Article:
OKLAHOMA CITY (AP) _ A popular $500 million college bond issue represents the first major legislative test for new House Speaker Todd Hiett.
Hiett, the first Republican speaker in eight decades, is asserting himself in offering an alternative to the bond proposal outlined before the session by Democratic Gov. Brad Henry and higher education officials.
The Henry bond package passed the Senate last week on a 47-0 vote, with all 22 Senate Republicans voting for it.
With higher education institutions in 36 communities standing to benefit from the bond issue, it has support throughout the state.
College officials say the money is badly needed for such wide ranging needs as repairing leaky roofs and expanding research facilities.
Henry has said it will be an economic boon for local economies and the state as a whole, creating thousands of construction jobs.
He also has warned that delaying approval could cost the state millions of dollars in construction costs due to inflation and bond underwriting costs due to rising interest rates.
Essentially, Hiett is asking college presidents to go back to the drawing board and lop off $82 million in projects to make way for two of his proposals.
One would create a $50 million endowment fund that colleges could tap into for future capital needs. Another Hiett proposal would transfer $38 million from the bond plan to the Petroleum Storage Tank Cleanup Fund.
Hiett also wants to allow the University of Oklahoma and Oklahoma State University to issue their own bonds in the future without the need for legislative approval.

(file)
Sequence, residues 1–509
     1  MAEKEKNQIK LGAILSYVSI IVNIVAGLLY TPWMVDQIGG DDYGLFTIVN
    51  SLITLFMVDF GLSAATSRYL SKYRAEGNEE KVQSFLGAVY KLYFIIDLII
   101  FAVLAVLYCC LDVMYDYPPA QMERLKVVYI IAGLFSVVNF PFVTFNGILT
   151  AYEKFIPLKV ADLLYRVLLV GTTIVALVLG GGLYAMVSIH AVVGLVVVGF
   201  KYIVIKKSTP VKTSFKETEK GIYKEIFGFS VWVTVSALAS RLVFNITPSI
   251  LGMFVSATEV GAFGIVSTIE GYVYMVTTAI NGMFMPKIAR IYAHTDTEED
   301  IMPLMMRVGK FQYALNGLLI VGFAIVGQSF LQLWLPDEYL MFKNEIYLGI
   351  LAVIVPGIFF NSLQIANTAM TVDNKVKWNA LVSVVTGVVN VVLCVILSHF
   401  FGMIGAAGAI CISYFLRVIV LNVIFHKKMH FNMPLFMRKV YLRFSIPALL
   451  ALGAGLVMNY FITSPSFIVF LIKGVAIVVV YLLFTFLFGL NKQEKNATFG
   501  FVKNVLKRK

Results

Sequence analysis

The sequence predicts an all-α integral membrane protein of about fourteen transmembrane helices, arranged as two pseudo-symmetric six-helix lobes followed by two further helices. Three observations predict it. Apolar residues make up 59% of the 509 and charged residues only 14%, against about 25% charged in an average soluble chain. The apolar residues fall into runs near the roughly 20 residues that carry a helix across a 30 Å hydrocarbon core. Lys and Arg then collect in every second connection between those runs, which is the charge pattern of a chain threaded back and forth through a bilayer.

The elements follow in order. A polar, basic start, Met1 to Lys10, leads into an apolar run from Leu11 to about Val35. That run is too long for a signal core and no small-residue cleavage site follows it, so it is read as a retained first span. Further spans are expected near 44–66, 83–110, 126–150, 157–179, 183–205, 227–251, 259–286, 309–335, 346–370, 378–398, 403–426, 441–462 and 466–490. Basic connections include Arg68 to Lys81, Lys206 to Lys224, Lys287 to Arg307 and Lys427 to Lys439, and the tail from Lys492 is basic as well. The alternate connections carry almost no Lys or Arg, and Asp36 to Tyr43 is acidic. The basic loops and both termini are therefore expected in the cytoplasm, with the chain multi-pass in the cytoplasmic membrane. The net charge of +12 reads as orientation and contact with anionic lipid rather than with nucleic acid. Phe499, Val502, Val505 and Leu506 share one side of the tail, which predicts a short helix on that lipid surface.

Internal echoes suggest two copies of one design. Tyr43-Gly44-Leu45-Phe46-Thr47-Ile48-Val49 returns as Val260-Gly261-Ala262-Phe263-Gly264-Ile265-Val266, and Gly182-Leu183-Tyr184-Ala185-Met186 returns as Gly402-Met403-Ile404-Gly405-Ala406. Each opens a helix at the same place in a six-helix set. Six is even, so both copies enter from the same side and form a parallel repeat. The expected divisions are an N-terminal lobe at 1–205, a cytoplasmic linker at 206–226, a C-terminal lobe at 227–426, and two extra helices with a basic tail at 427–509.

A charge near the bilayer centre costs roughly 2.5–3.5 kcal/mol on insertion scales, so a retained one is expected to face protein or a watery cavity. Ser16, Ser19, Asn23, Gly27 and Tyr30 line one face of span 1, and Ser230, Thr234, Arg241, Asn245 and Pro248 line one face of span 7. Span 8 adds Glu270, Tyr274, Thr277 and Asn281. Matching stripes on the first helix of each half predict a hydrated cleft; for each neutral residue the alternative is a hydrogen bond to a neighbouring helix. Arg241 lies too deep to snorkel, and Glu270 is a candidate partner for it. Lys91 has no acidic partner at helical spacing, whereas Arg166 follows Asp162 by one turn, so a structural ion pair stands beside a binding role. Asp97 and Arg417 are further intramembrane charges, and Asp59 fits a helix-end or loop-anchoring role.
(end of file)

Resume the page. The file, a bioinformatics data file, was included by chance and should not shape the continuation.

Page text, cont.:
The House plan was put together largely by House budget chief Tom Daxon, who often clashed with Democratic leaders as top financial aide to former Republican Gov. Frank Keating.
The plan, outlined late last week, met with immediate opposition.
Senate President Pro Tem Cal Hobson, D-Lexington, said he would consider the Hiett proposals separately, but repeated his position that the list of projects in the Senate bill is nonnegotiable.
``Reopening that process could very likely start an avalanche of me-too politics that will bury the issue completely,'' Hobson said.
Southeastern President Glen Johnson said it took several months to develop objective criteria and settle on a list representing the ``top academic priority needs'' of each college and university.
``It would involve getting all the presidents together, looking at all the factors. It would be starting from ground zero. It would be difficult,'' Johnson said.
``I don't think there is any padding in the list,'' he said.
As president of the College Presidents Association, Johnson, former House speaker, was instrumental in development of the criteria used to make up the bond list.
An early version of the bond plan was floated near the end of the 2004 session but leaders decided it was too late to act upon.
Henry, Hobson and House Democratic leaders announced late last May that passing the bond plan would be the top higher education priority for the upcoming session.
Hiett was not a party to that agreement, however. The 37-year-old dairy farmer from Kellyville became speaker after Republicans picked up enough seats to take control of the House for the first time since the 1921-22 session.
Some concerns have been raised about the constitutionality of a couple of the Hiett proposals.
Robert Thompson, Senate attorney, said transferring money to the Petroleum Storage Tank Fund could be tricky since the bonds are being supported by lottery money, which is earmarked to go to education under the constitutional amendment adopted by voters last November.
Thompson said ``there also could be a potential problem'' with the plan to give OU and OSU the authority to issue their own bonds without legislative oversight, but ``it all depends on how it is drafted. The devil is in the details.''
Hiett on Friday defended his plan as a ``forward thinking'' and ``businesslike'' approach for meeting higher education's capital needs.
He faulted the stand by Hobson, saying: ``If they are in fact serious about his proposal not being negotiable, then we simply need to move on to workers' comp reform and lawsuit reform and not waste any more of the lawmakers' time.''
The Hiett proposal has yet to be placed in bill form. It is scheduled for consideration Wednesday in the House Revenue and Taxation Committee.